One rail firm in four 'technically insolvent'

Half of Britain's train operators are being bailed out by massive and unforeseen handouts by taxpayers, according to new analysis on the state of the rail industry.

Nearly one-quarter of the companies are technically insolvent while a similar number receive extra government subsidies worth hundreds of millions of pounds to maintain the level of service.

Six of the 24 operators cannot balance their books and are paid a set margin above their costs by the government's Strategic Rail Authority (SRA), while a further six have been given extra Treasury subventions, according to the report in Rail magazine.

Ten years after rail privatisation, critics believe the parlous state of the network has been caused partly by the aftermath of the Hatfield disaster and partly by ministers' insistence on persevering with a deeply flawed sell-off.

Train operators now running on a "cost-plus'' basis – given enough taxpayers' money for a surplus above the cost they incur – are Arriva Trains Northern, Arriva Trains Merseyside, First North Western, Wales & Borders, Wessex Trains and Great Northern routes of West Anglia Great Northern. But massive unplanned extra backing is also being paid to Virgin West Coast, Virgin CrossCountry, ScotRail, Central Trains, Connex South Eastern and Anglia Railways.

Some industry insiders believe the network is privatised in name only. The infrastructure assets of Railtrack have been taken over by the publicly backed Network Rail and the SRA took charge of major improvements to the system last year.

Don Foster, Liberal Democrat Transport spokesman, said the "botched-up privatisation'' was continuing to fail. "The Government really ought to come clean and say whether we are returning to a state-run railway," he said. "The SRA itself seems to be running out of control, spending increasing amounts of taxpayers' money.''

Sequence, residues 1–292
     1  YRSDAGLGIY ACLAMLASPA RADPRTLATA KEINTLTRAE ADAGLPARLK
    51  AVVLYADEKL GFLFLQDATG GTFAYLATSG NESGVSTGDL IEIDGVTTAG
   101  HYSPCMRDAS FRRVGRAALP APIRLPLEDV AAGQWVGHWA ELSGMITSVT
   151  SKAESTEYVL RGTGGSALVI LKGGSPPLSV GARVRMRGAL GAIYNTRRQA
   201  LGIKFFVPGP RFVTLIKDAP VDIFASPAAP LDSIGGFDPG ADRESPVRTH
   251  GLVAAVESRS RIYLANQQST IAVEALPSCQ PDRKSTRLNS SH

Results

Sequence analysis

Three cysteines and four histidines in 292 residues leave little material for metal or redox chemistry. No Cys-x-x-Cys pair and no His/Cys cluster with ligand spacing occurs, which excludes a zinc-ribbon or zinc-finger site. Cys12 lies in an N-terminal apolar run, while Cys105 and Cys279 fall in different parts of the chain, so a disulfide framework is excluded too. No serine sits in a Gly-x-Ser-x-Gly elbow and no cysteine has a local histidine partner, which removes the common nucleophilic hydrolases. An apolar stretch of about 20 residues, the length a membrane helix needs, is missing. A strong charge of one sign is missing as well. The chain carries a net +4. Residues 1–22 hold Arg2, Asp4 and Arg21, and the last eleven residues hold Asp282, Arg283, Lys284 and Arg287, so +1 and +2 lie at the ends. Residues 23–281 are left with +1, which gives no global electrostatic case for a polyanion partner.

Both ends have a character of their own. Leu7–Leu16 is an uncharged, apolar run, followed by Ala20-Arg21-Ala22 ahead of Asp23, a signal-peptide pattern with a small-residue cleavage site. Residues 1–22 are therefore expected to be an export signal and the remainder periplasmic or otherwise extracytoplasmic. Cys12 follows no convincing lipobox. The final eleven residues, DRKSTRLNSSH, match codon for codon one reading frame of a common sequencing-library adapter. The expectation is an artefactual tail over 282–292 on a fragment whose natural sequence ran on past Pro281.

Howard Johnston, author of the analysis, said: "The sell-off was forced on the network by a Conservative government going out of office which wanted to rush it through. But what seemed to work on paper had not been matched by reality.'' He pointed out that next year train franchises were up for grabs and there was a chance of a new beginning.

One reason for extra payments from the Government is that subsidies to services being operated in the public interest were falling too sharply for train operators to keep up, Mr Johnston said.

Extra payments from the SRA have also lead to increased intervention in the management of train operators by the authority.

The main drivers' union, Aslef, is threatening a national strike to protest the SRA's decision to keep wages down at train companies but refuse to negotiate directly with the union.

A spokesman for the SRA said the organisation intended to replace the franchises in question with longer-term contracts negotiated through competitive processes. "We are going to have much more precise specification of the franchise proposition.''

* The impact of strikes by train guards planned for this Friday, the following Monday and 17 April will vary widely between operators, according to the Association of Train Operating Companies.

Join our new commenting forum

Join thought-provoking conversations, follow other Independent readers and see their replies

View comments